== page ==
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To the newly diagnosed Autism parent – How not to cope

The initial diagnosis of autism can send any sane parent into a state of total confusion!

Image by Mediamodifier from Pixabay
Image by Mediamodifier from Pixabay

Diagnosis of a medical condition that can be cured is not so bad. A diagnosis of a developmental condition like autism, however, is not as easy to deal with because there is no immediate cure and solution!

First, however, let us define autism. Autism is a neurodevelopmental condition that affects language development and communication, social skills and behavior. In other words, autism makes a person stand out as different and antisocial, and most times, weird!

For a parent who has loads of hopes and dreams for his or her child, a diagnosis is like a death sentence. All the grand plans for the child’s future disappear in an instant. Everything has to be planned again from scratch.

Let us now look beyond the diagnosis. Once you have the news, what should, or more importantly, should you NOT do? What are the things you should not dream of doing if you intend to get through this challenging phase of life?

Panic

Autism is a challenge, yes, but not the end of the world. Don’t panic when you get a diagnosis. Instead, take time to find out about the condition from the internet, online and physical support groups, and even from educators around you. A child with autism always has something special in them that they have to offer the world, something that you will not see if you get all panicky. Take a step back and take your time to understand what this condition means for you and your family, and let them know that though things will change, you will all get through it.

Try to fix your child

Every parent wants their child to get well when diagnosed with an illness, right? It’s the same for many autism parents. They want to see the condition disappear so that their kids are normal again. Well, even with the most intensive of interventions, an autistic child will always remain autistic. What you need to do, therefore, is to help your child learn to cope with the world around him or her, i.e. become independent. Once the child is independent and able to meet the world on their terms, the world will adjust!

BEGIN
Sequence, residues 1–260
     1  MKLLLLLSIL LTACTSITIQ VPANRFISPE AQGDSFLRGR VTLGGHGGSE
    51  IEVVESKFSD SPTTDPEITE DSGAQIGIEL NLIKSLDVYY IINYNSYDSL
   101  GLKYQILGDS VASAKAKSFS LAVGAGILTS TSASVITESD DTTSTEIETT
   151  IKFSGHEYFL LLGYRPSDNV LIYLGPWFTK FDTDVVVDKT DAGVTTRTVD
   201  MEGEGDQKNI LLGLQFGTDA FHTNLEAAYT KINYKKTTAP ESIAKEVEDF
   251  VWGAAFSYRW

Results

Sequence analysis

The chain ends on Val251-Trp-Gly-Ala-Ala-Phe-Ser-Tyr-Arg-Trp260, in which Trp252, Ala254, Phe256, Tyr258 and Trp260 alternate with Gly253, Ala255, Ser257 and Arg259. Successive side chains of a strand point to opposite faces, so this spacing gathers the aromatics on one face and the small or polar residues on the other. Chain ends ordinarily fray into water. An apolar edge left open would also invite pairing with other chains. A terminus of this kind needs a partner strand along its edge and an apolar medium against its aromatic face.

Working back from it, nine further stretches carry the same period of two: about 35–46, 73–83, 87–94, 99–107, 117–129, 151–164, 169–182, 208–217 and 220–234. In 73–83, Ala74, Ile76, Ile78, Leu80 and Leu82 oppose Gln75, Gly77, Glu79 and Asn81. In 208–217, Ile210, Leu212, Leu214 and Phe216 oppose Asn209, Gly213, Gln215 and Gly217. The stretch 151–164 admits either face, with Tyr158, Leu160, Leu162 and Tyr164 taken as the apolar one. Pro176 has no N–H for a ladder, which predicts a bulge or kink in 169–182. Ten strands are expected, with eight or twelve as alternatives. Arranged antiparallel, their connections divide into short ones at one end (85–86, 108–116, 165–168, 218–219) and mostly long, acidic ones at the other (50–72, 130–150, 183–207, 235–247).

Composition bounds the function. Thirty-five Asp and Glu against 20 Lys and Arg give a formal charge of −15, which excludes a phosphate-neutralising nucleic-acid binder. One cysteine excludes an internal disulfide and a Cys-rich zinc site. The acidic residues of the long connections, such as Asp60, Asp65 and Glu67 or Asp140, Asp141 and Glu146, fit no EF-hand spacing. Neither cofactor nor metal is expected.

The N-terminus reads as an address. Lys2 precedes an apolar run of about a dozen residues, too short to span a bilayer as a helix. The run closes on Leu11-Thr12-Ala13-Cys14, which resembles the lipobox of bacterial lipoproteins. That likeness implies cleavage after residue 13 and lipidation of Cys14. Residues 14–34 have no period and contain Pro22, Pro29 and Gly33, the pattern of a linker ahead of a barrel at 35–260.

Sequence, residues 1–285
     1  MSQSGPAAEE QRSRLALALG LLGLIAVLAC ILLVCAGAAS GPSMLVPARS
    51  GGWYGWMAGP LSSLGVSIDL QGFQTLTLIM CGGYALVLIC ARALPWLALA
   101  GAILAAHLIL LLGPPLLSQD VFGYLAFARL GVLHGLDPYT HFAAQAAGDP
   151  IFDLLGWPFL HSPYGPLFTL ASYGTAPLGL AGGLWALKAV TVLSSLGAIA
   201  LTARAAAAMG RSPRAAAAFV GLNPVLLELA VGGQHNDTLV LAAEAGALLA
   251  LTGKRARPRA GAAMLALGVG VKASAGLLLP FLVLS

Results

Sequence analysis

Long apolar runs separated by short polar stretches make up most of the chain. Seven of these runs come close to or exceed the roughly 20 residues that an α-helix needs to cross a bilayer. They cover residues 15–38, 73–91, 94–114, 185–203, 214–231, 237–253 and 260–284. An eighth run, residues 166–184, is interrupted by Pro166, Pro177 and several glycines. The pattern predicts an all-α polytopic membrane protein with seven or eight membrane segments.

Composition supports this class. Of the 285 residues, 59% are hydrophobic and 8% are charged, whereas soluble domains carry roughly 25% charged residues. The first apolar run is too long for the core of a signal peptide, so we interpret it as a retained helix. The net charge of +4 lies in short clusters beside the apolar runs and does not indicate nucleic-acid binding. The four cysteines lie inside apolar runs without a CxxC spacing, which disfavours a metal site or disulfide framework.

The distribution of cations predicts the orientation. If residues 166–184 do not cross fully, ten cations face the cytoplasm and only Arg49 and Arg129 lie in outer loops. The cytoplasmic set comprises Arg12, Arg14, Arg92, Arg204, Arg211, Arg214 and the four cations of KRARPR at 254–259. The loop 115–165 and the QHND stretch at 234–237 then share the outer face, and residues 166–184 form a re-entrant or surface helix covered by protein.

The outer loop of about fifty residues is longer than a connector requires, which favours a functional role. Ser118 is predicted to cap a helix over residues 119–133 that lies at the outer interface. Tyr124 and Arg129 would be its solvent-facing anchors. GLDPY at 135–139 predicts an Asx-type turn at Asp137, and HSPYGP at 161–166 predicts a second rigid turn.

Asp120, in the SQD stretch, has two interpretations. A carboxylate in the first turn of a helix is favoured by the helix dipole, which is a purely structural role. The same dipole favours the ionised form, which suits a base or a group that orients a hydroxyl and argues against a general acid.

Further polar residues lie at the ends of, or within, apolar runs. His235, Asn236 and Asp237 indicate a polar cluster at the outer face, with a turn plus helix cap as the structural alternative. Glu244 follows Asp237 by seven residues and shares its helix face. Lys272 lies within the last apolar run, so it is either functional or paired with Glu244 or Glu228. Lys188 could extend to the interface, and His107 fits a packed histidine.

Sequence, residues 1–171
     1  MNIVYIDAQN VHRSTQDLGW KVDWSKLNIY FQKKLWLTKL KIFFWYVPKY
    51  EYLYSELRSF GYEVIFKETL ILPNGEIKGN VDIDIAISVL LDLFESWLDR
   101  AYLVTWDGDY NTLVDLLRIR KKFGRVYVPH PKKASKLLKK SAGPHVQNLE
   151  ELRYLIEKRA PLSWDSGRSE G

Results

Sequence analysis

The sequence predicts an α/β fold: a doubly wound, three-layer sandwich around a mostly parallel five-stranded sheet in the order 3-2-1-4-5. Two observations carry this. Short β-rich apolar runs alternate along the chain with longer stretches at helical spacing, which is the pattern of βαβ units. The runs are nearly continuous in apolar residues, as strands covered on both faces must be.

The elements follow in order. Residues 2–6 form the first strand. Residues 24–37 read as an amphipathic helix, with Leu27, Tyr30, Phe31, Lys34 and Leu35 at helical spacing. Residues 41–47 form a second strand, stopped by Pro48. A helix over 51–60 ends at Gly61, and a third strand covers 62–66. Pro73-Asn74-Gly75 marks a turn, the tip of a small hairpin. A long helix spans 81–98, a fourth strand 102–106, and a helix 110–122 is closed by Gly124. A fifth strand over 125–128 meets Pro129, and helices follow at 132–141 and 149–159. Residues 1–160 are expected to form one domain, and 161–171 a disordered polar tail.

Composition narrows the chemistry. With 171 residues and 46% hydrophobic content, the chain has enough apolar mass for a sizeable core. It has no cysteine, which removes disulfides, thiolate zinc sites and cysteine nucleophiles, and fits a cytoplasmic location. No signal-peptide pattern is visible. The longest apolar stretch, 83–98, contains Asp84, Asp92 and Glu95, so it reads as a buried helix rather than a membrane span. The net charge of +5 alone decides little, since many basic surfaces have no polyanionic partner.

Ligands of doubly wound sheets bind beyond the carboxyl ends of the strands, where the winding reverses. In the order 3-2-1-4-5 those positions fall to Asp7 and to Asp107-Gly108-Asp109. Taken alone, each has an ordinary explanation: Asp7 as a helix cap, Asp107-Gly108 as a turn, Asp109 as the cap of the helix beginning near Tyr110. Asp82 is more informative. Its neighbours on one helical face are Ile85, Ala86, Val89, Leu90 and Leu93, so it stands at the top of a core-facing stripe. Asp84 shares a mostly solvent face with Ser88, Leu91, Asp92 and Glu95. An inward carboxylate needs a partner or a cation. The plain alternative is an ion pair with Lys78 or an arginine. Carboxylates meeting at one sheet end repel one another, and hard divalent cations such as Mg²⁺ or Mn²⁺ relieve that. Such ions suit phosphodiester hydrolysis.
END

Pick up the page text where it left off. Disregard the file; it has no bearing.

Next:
Isolate yourself

Okay – we get it. Your child is different and behaves differently from all other kids, and sometimes when you go out, things get crazy. Well, the worst thing you can do is hide away from the world and hope that everything in your cocoon will work out just fine. The opposite is, however, true, because autism is very draining, especially for the caregiver.

If you do decide to take care of your child yourself, make sure you get some time out from your little one, just to catch a breather. Catch little breaks during the day so that you do not get burnt out. Walk around the block, to the shops or to the park with your child. Take little trips in the car when you can. Go to church. Go to family functions. Don’t lock your child away – he or she needs to know there is a world out there, and how to deal with it. Also, don’t lock yourself away – you will burn out before you know it. Ask for help, get a babysitter, or take turns taking care of your child with your spouse or a close family member. If you can, take your child to a special or integrated school, or get a home therapist or tutor so you can get on with life.

Try every fad that comes your way

With every new ‘disease’ comes a new cure! The same is true for autism – there are so many cures and interventions being peddled all around the world, targeting desperate parents who want to see their kids get better. Granted, some of these interventions do work. The challenge is, however, how do you know what will work for your child?

Get informed. Read up on every kind of intervention available and get reviews to find out if they really work. Speak to your pediatrician, neurologist, occupational therapist and speech therapist to find out what approaches to autism exist out there, and which ones actually work. Most importantly, don’t rush to get into a certain kind of treatment just because all those around you are jumping into it. What works for another child may not work for yours.

To the newly diagnosed parent – all is not lost. Autism is not the end of your child’s life, but the beginning of an exciting journey of discovering how differently talented minds work, and finding out what specific area your child is gifted in. Don’t give up on your child – you may just be raising the next inventor, musical prodigy, or computer wizard in your home – an opportunity you do not want to pass up on!

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